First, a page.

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Bayesian decision analysis for the drug-approval process (NSFW)

Bill Jefferys points me to a paper, “Is the FDA Too Conservative or Too Aggressive?: A Bayesian Decision Analysis of Clinical Trial Design,” by Vahid Montazerhodjat and Andrew Lo. Here’s the abstract:

Implicit in the drug-approval process is a trade-off between Type I and Type II error. We propose using Bayesian decision analysis (BDA) to minimize the expected cost of drug approval, where relative costs are calibrated using U.S. Burden of Disease Study 2010 data. The results for conventional fixed-sample randomized clinical-trial designs suggest that for terminal illnesses with no existing therapies such as pancreatic cancer, the standard threshold of 2.5% is too conservative; the BDA-optimal threshold is 27.9%. However, for relatively less deadly conditions such as prostate cancer, 2.5% may be too risk-tolerant or aggressive; the BDA-optimal threshold is 1.2%. We compute BDA-optimal sizes for 25 of the most lethal diseases and show how a BDA-informed approval process can incorporate all stakeholders’ views in a systematic, transparent, internally consistent, and repeatable manner.

Hey—the acronym “BDA” is already taken! But let’s set that aside . . . In all seriousness, here are my reactions to the above abstract:

(a) I like the idea of applying formal decision analysis to the drug approval problem, an idea I discussed in this article a few years ago but have never actually done. So I’m glad to see this new paper.

(b) As always, I find the Type 1 and Type 2 error framework to be inappropriate. I continue to be frustrated by researchers, starting perhaps with Jimmie Savage, who want to apply Bayesian inference but remain struck in this essentially deterministic or discrete way of thinking. In general, I doubt it makes sense to say that a drug works or does not work; rather, a drug will have different effects on different people, and these effects are themselves unknown. That is, there is variation and there is uncertainty. But no Type 1 or Type 2 errors. To put it another way, Yes Yes Yes on the drug-approval process as tradeoff, No No No on the discrete framing of therapies as “effective” or “not effective.” To try to perform a sophisticated, data-based analysis but tie yourself to the Type 1 and Type 2 error framework, that’s like, ummmm, I already used the “paint a picture using salad tongs” analogy, but I still like it so, yeah, that’s it.

(c) It seems a bit un-Bayesian, to present numbers like “27.9%,” given the uncertainty that must be present in these estimates.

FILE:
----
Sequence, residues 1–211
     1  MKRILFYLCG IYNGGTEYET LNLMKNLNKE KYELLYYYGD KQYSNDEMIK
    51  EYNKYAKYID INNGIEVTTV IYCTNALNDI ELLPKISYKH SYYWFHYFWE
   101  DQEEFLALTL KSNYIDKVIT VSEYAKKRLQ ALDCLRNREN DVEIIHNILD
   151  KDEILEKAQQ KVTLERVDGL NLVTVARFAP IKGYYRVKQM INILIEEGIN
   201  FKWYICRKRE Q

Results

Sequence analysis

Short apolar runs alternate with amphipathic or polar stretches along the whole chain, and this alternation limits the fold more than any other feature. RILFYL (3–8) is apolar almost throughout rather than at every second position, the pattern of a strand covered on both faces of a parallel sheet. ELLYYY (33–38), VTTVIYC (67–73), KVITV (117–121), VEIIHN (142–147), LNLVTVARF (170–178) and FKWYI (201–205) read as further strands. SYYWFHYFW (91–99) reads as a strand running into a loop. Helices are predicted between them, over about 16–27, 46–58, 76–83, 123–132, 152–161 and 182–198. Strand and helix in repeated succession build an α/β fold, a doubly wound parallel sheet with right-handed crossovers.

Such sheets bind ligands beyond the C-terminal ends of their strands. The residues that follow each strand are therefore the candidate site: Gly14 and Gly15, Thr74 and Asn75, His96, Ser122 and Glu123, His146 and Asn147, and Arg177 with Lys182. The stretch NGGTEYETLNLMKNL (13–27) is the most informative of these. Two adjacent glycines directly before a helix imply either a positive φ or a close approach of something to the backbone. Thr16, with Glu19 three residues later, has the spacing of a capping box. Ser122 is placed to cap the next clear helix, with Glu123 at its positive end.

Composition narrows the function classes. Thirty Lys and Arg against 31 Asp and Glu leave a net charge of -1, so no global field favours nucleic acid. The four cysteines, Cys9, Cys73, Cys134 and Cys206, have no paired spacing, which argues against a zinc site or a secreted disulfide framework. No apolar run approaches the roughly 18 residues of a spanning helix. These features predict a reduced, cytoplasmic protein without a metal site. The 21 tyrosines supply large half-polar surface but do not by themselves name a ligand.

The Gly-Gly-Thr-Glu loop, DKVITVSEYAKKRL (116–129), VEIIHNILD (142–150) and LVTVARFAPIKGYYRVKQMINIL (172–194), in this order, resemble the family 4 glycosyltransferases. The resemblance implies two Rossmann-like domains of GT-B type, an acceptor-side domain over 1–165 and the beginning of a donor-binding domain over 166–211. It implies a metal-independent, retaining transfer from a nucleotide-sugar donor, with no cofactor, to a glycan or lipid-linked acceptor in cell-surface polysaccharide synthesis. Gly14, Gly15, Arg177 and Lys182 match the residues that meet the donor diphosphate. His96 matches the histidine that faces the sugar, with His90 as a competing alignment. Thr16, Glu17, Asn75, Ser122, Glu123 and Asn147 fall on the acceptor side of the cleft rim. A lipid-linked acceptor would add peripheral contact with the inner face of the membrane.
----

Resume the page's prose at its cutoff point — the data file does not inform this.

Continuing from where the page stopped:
Anyway, my overall reaction is positive and I hope these comments can inspire these and other researchers in this area to do even better.


  1. Sam says:

    I think there’s a balance that must be struck between starting from common ground and not continuing to use unhelpful tools. While we would like the FDA to start using Type S and Type M error instead of Type 1 and Type 2 error, sometimes merely making that suggestion is enough to cause the key decision-makers affecting FDA policy to turn of the rational parts of their brain. It seems like the goal of this paper is to influence people to question some of the most unhelpful traditions that are currently hedging the way, and it’s hard to accomplish that when people turn their brains off.

  2. Jonathan (another one) says:

    OK. I’m just trying to figure out the NSFW part from your on-deck preview. I have several hypotheses:
    (a) If BDA has been reappropriated for an acronym, you can reappropriate NSFW… Now Something For Weekdays?
    (b) The salad tongs were originally going to have a different illustration.
    (c) Type I and Type II errors are literally not safe to discuss at Columbia.

    Am I warm?

    PS: The post itself (and the article) were quite good.

  3. Z says:

    Haven’t read the full paper either, but it seems possible from the abstract alone that the researchers themselves do not think or even model in binary terms but rather accept that the FDA is likely to continue to do so.

    • Michael Lew says:

      You are correct to suppose that the FDA is likely to continue with dichotomous thinking about drug trials. Perhaps they should. After all, the output of their deliberations is pretty much binary: approve or don’t approve.